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04/28/2010
Dolomite explores Patagonia with Manrico Dell’Agnola

“The mountaineering situation in Patagonia is special and often a bit absurd; it’s elastic, contracting and flattening until it appears ordinary with each success, while with every failure, every unsuccessful climb, it grows enormous and twists like an octopus, taking on cosmic dimensions (…). The game of mountaineering turns into a gamble in Patagonia”.
The wonderful book “Patagonia” by Gino Buscaini and Silvia Metzeltin tells of this marvellous land and the Cerro Torre, its most popular peak and the most exposed to a truly crazy climate.

The weather is the main problem in these parts; the first week does however inspire optimism, also because it’s human and logical to think that, after so much bad weather, good weather will probably come ….the aim was to take up as much equipment as possible, despite the very strong wind and the rain which turned into snow only under the faces, something which had never happened to me before. We had entire days of blizzards in the village too, with powerful gusts which made even moving among the houses dangerous as sheet metal and other parts of the roofs being built were flying about.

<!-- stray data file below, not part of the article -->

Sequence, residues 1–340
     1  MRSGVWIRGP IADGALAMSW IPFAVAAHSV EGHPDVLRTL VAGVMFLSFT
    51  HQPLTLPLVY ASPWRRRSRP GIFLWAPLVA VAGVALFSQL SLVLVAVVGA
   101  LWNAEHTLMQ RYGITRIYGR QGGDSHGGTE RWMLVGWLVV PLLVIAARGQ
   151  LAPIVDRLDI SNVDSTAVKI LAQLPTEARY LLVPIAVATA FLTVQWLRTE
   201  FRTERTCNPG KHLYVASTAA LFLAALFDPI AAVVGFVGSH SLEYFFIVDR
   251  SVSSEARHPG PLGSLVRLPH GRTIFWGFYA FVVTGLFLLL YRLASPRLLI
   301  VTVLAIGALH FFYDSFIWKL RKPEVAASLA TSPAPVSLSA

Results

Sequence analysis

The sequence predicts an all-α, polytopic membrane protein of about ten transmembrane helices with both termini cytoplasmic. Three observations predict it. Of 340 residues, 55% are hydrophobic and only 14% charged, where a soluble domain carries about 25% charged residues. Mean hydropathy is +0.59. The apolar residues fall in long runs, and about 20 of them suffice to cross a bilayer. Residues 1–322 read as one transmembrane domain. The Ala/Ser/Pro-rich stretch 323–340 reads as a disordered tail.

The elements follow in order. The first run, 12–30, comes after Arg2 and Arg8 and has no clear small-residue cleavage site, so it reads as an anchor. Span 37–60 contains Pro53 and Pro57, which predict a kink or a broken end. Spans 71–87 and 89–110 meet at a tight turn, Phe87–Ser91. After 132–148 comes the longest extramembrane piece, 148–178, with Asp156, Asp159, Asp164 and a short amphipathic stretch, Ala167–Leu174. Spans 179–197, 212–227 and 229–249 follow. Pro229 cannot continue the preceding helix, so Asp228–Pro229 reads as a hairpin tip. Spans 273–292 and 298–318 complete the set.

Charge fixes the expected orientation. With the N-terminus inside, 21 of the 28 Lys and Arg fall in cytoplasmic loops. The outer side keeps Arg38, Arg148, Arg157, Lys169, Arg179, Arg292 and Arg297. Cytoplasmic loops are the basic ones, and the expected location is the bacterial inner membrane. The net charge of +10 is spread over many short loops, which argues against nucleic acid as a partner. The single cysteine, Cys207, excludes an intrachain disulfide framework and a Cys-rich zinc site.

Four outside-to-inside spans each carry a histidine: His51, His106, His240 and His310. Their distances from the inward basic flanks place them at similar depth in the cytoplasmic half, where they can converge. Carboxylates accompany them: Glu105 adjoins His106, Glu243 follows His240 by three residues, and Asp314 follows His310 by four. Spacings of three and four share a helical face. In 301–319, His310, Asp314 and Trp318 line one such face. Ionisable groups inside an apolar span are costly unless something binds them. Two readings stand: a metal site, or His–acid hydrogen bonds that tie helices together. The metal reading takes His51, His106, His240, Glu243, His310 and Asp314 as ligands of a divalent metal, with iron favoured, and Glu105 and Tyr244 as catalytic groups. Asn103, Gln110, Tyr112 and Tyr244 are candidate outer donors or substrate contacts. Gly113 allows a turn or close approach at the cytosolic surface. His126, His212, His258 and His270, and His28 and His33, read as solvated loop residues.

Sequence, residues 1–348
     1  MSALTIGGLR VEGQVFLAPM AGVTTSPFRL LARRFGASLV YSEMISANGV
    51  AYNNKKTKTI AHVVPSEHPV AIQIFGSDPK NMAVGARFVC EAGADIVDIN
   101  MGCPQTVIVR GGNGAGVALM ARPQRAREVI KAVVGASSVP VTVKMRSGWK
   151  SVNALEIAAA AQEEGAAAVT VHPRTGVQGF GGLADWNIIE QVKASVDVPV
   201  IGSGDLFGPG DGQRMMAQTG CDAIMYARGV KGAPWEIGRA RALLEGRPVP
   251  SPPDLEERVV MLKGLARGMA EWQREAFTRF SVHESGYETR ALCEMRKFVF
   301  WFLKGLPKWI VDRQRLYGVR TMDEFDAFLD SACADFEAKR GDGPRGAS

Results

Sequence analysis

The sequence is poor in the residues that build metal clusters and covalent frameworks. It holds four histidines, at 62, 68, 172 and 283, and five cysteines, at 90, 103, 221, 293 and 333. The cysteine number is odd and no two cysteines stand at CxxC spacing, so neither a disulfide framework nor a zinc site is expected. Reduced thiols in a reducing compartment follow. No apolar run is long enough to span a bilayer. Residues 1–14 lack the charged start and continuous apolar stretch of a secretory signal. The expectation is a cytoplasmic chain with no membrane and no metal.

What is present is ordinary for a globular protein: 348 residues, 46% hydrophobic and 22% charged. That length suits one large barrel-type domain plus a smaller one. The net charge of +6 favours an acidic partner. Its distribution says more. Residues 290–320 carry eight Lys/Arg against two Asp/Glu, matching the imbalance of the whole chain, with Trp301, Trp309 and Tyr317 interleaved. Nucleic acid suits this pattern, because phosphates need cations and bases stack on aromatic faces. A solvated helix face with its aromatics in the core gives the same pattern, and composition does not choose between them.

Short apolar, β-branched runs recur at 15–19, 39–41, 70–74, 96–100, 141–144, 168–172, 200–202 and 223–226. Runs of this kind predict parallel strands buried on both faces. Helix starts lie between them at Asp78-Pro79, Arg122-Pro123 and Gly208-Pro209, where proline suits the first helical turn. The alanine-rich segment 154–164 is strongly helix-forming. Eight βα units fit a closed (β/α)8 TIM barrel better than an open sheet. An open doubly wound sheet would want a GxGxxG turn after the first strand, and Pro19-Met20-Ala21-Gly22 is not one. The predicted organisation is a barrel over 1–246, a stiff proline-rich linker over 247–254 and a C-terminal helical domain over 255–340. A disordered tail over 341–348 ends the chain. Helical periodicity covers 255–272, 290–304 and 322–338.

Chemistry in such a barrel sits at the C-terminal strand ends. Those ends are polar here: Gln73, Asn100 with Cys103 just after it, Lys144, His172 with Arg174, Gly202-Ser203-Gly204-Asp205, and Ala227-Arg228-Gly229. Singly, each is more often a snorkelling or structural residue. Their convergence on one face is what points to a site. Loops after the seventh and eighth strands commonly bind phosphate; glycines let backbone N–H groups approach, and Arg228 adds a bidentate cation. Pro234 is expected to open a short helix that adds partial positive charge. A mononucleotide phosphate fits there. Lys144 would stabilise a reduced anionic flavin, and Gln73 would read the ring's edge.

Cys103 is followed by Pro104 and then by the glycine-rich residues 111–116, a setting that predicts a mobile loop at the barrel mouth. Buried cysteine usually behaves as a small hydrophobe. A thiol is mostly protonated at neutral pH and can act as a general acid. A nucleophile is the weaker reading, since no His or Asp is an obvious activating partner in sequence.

In our favour we had a warm and welcoming friends’ house as accommodation at El Chalten, where we went back every evening as an attack on the face would have been both impossible and not a good idea.

My plan of attack consisted in bringing the equipment from the village directly to the Niponino along the path as far as the De Agostini camp and the entire glacier to under the Torre, for a total of at least 12 hours’ walking from village to village, and then going up directly when the weather was to have been favourable for a “real attack”. We would in this way have avoided a long stay in the tent with bad weather in favour of the comforts which village life offers: copious quantities of meat and beer and a warm and dry place to sleep as preparation for the mental and physical hardship of the face.

In the second week we recovered the equipment left on the glacier; unfortunately this trip only gave us one day of sunlight. A complete “fracaso” as the Spanish say …. The Cerro is still there and I really think that I’ll be back… otra vez.


Manrico Dell’Agnola